Alex Lawrence wrote:
Been in three knife fights.
You just went from having an ounce of credibility with me, to about zero. You do this practice you are speaking of "in secret" so you don't "get in trouble"???? Are you 15? You should simmer down and let the grown ups talk for a bit.

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Old 02-05-2007, 08:39 AM   #37
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Re: Non-cooperative tanto-dori (Discussion)

Quote:
Chris Hein wrote:
You just went from having an ounce of credibility with me, to about zero. You do this practice you are speaking of "in secret" so you don't "get in trouble"???? Are you 15? You should simmer down and let the grown ups talk for a bit.

Please understand, in our organisation just about any deviation from the norm will cost you a grading. Last year I was interested on going to a course run by a certain instructor. Now this instructor has a reputation for being
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Old 02-05-2007, 09:26 AM   #38
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Re: Non-cooperative tanto-dori (Discussion)

Accidently posted.



Please understand, in our organisation just about any deviation from the norm will cost you a grading. Last year I was interested on going to a course run by a certain instructor. Now this instructor has a reputation for being more martial that most and I assume that is why he seems to be less popular with senior instructors. Anyway, I was intending to go on his course but was asked not to go by my instructor because it would cause trouble and jeopardise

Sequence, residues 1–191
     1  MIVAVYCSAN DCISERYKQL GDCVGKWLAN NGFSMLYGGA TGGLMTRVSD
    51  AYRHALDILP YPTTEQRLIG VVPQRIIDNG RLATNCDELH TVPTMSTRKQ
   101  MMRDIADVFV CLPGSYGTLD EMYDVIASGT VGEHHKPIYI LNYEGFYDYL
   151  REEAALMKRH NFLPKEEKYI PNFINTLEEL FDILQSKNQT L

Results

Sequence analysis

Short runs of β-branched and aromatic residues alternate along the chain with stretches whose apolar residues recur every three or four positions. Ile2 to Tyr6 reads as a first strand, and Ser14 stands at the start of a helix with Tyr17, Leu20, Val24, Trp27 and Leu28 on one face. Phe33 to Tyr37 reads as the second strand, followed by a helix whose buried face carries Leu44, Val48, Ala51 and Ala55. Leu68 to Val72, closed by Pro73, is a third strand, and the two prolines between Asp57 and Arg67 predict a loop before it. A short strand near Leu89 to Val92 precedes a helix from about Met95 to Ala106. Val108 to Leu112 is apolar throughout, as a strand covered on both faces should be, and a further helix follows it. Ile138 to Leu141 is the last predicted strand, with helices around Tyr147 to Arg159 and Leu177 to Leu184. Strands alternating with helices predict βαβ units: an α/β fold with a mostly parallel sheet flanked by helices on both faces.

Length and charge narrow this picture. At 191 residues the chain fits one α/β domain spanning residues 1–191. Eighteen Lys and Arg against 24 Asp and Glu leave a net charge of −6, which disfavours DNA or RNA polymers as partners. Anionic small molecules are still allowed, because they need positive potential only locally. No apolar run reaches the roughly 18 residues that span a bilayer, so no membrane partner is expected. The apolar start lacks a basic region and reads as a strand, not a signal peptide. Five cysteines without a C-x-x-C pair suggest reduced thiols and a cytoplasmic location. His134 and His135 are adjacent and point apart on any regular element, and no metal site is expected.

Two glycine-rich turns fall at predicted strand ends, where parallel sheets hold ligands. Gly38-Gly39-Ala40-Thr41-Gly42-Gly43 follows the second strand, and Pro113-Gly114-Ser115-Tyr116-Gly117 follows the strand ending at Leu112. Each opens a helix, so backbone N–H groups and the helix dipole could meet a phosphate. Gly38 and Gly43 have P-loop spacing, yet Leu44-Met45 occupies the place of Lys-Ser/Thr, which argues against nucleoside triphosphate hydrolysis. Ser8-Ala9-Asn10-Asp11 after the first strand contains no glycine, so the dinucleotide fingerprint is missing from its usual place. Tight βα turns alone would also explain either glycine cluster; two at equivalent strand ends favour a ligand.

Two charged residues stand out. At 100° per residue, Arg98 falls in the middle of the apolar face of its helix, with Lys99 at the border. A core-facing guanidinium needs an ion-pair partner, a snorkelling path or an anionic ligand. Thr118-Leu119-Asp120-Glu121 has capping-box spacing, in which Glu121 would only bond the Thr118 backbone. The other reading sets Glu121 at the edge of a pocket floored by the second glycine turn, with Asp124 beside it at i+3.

my next grading. This is the situation we work in.
If the exercise I'm talking about was a long standing Aikido exercise or had been created by an Aikidoka we'd be ok up to a certain point but it's a Kung Fu exercise that we picked up at a fund raising seminar and even then our instructor was asked "who taught them that" in reference to us by a more senior instructor who was not in the least bit happy at what he saw.
We don't want to risk a years worth of grading prep only to be failed because we're using a Kung Fu knife defence exercise to do full resistance training, so we keep things quiet. Please don't get personal or blow things out of proportion.